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Interview With Dr. Amro Nour Summer 2021 Faculty Fellow

Amro Nour is an Assistant Professor of Electrical Engineering at AUK. He spent the summer at Dartmouth working on multiple research collaborations with Fridon Shubitidze, Associate Professor at Dartmouth's Thayer School of Engineering. 

We interviewed Dr. Nour to get more insight into his research and his Faculty Fellowship Program experience. 

What interested you ABOUT thE FACULTY FELLOWSHIP program INITIALLY?

All faculty members have two important roles. The first is to teach and transmit knowledge from our research to students. The second is conducting research. My research interests include electromagnetic systems, microwave systems, and biomedical systems. I was seeking an opportunity to further my involvement in these fields, and Dartmouth has a very good infrastructure to help advance my research goals. A key thing here, as well, was the opportunity for collaboration. In any scientific research, the more you collaborate the more you go forward. 


There are two key projects we are working on. The first focuses on the use of magnetic nanoparticle (MNP) hyperthermia for the treatment of deep tissue tumors. The objective of this research is to optimize the size, frequency, composition, and configuration of external electromagnetic energy source to achieve desirable heat in cancerous cells and to minimize unwanted heat in normal tissue.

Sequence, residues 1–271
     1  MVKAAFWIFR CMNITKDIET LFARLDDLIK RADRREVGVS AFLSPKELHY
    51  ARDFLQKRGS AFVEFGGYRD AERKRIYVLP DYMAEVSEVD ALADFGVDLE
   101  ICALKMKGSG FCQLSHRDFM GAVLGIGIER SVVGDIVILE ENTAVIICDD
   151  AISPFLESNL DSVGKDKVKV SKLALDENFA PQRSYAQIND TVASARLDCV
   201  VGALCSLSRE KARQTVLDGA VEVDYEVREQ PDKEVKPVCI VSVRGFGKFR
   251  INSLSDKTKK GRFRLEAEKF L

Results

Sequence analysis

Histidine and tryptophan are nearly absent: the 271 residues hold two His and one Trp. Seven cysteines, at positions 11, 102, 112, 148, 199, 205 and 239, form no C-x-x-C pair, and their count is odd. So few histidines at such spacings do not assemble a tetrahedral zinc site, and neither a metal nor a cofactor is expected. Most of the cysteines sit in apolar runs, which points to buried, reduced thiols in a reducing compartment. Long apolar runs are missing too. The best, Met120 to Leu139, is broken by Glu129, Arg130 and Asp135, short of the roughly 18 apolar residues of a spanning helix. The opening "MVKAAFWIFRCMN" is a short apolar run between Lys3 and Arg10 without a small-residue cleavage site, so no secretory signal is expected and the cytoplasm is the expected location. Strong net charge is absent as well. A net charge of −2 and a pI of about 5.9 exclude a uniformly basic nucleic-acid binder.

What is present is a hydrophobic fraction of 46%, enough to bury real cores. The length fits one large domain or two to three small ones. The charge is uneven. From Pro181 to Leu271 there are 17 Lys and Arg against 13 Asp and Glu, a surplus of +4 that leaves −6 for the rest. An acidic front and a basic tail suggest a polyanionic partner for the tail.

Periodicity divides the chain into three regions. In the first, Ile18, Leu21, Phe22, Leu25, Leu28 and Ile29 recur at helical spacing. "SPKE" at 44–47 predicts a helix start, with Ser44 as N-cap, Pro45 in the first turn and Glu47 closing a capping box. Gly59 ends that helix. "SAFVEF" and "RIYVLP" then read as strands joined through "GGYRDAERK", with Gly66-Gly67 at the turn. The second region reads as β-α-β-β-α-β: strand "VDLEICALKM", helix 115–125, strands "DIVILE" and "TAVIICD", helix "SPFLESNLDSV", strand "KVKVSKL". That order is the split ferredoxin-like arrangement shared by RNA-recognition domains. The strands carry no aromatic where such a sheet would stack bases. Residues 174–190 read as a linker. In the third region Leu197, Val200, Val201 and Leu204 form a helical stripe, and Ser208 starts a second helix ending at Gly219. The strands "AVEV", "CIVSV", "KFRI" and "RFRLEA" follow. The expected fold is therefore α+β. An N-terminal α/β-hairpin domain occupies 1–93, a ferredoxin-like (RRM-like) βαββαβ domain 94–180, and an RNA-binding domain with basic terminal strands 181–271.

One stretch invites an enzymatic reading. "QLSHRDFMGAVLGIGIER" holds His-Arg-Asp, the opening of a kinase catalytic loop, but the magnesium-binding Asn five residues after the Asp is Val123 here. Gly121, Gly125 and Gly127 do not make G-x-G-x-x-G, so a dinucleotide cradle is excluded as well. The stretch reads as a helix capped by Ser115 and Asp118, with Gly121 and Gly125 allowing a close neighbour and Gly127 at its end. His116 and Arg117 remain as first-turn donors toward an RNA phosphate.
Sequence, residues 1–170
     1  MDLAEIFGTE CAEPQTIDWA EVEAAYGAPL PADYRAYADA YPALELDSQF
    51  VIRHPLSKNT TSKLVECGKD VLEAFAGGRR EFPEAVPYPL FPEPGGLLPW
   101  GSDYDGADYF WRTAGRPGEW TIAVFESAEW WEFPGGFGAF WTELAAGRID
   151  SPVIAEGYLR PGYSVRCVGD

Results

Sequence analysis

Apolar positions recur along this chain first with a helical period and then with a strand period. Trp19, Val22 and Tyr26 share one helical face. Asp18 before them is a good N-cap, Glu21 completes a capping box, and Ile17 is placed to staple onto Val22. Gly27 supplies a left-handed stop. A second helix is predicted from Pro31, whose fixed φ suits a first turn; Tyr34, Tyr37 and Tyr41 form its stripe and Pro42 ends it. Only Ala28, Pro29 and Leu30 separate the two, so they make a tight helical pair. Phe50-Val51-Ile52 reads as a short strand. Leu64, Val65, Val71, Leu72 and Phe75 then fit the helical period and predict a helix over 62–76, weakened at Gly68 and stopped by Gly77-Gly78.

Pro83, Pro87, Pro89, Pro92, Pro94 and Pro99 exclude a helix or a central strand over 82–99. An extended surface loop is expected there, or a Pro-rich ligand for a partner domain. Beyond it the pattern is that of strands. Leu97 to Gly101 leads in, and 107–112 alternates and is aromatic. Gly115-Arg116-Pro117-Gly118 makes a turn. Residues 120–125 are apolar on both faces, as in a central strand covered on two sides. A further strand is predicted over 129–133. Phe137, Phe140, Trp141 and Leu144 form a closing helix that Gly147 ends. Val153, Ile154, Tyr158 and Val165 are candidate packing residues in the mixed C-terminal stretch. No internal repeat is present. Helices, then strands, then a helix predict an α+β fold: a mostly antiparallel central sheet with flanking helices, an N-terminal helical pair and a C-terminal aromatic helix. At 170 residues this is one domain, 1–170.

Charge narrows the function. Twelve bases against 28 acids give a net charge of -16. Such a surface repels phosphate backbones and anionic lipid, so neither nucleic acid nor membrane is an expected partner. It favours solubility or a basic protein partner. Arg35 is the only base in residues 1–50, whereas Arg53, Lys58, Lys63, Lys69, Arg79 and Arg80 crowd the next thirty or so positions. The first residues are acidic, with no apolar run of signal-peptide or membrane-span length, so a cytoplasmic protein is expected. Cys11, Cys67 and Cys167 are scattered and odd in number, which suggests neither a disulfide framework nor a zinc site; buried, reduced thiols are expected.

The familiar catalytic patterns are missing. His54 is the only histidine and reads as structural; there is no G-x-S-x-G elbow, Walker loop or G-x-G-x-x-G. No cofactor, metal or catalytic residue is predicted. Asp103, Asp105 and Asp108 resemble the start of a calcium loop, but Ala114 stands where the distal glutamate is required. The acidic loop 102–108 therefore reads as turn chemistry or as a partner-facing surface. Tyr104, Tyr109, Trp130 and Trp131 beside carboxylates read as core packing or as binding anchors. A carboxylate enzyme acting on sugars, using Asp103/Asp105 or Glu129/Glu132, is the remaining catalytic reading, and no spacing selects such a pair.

The second is a classification system that can be used to classify and extract dangerous objects left behind in the soil. This technology reduces the costs of soil extraction and could be used for various purposes. We want to extend this project to Kuwait to help with leftovers from the Gulf War, and possibly finding oil fields and/or faulty oil pipes. 

What has your OFF-CAMPUS experience been like?

New Hampshire has its own vibe compared to the rest of the United States. The people are friendly and supportive. The atmosphere is unique and soothing. The town is basically built around Dartmouth. With COVID restrictions, things are at a slower pace. However, I still go for walks and hikes, as the nature here is very special.  

What is one unforgettable memory ABOUT YOUR TIME AT DARTMOUTH?

My studies in Canada at the University of Toronto shaped me as a person. When I came here, I remembered those days when you have all the capabilities and facilities in front of you to think outside of the box - freely, with no restrictions. This experience has reminded me of that time, when you’re collaborating with different colleagues and trying to develop something beneficial for everyone. That's something I miss and have always believed in. Every research project should be, at the end of the day, beneficial for humanity. 

What are your plans for the future OF THIS COLLABORATION?

I am definitely interested in extending my collaboration with Dartmouth. I am working on different projects and seeing what I can get from here that can also benefit Kuwait, and AUK specifically. For example, we are looking into possible Master's programs for students, and also looking at how to connect our research to the training needs of companies and industries in Kuwait.  At the end of the day, when you invest in research and development, you can move forward in industry and education.